Capital: A Critique of Political Economy, Vol. 3 (Penguin Classics)
Unfinished at the time of Marx's death in 1883 and first published with a preface by Frederick Engels in 1894, the third volume of "Das Kapital" strove to combine the theories and concepts of the two previous volumes in order to prove conclusively that capitalism is inherently unworkable as a permanent system for society. Here, Marx asserts controversially that - regardless of the efforts of individual capitalists, public authorities or even generous philanthropists - any market economy is inevitably doomed to endure a series of worsening, explosive crises leading finally to complete collapse. But he also offers an inspirational and compelling prediction: that the end of capitalism will culminate, ultimately, in the birth of a far greater form of society.
An Essential Text (if a bit difficult for the lay reader)
By M. White - November 2, 2008
The third volume of Das Kapital is a bit more well known than the second and it makes for some interesting, if somewhat dry, reading. This volume has gained notoriety through the works of Bohm-Bawerk who insisted that Marx's theory of value was inconsistent. In the third volume, Marx says that instead of commodities selling at their value per se, they rather sell according to a certain formula that he lays out. Instead f commodities selling at the "old" formula of p= v+s+c, now commodities sell at r(v+c)+v+c. Now, such a modification does not alter the dynamics of the capitalist system one whit. Rather, it allows Marx to show how values as such are translated into prices. Rudolf Hilferding wrote an excellent criticism of Bohm-Bawerk's critique which is, alas, rather hard to find now. *whew* Alright, the rest of the volume deals with Marx's theory of rent and his rather short contribution to a theory of credit and banking. once again, Rudolf Hilferding elaborates upon Marx's... read more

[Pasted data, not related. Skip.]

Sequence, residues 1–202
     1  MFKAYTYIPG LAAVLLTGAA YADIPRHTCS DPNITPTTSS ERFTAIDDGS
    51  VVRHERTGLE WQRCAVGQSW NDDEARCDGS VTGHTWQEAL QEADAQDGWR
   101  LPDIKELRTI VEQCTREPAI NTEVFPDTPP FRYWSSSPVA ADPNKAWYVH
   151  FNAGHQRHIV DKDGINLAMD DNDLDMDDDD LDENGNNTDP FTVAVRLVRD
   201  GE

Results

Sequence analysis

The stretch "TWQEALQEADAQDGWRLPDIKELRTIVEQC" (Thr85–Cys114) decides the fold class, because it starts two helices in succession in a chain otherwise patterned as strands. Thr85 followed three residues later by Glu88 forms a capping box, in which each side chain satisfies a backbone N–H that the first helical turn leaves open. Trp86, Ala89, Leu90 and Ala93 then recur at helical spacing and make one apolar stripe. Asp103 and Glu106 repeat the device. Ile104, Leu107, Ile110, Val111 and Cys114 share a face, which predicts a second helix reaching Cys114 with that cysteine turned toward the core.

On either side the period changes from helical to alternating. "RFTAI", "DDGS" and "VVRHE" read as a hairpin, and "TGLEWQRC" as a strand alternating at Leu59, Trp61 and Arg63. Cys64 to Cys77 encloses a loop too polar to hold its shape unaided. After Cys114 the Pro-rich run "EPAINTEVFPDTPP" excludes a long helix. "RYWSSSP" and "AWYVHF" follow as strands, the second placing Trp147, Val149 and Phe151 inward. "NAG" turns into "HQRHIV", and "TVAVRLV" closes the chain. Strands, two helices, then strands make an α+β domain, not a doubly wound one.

More than a classic--a Magnificent Work!!
By Yolanda Castelblanco "woodenwoman" - November 27, 2008
It is annoying to see how other customers denigrate a classical and well-thought book only with untruthful reasons; the book is a jewel of economic and social thought and very heavy on its arguments. It is well introduced by Ernest Mandel and magisterially translated for David Fernbach. It is well laid out and thought-provoking and it should be read after the Grundrisse: Foundations of the Critique of Political Economy (Penguin Classics) and the Early Writings (Penguin Classics) and may be accompanied by a guide or companion of Marxist thought. A classic that will get over the bad facts mistakenly attached to it and that will be a cornerstone in Economic Theories. Remember, in it what is exposed is the weaknesses of capitalism, not a blueprint of bloody revolution and tragic tyranny, as it was made by the betrayers and corrupters that manage to make it happen like that.
Impressive and worthy read!
By A. Monje "Philosreader" - November 5, 2008
At the final of this extensive and tough read, the rewards are worth the effort. This third volume of Das Kapital concludes Marx attempt to describe how a Capitalist economic and society works. The most difficult part of it is to follow the concepts and ideas that compose the subject and how the different concepts are related to one another.The most impressive part of all is the scope of the work and how it formulates the inherent flaws and machinations of the capitalist system. Overall, a tough read, but a rewarding experience.
Written during the winter of 1857-8, the "Grundrisse" was considered by Marx to be the first scientific elaboration of communist theory. A collection of seven notebooks on capital and money, it both ...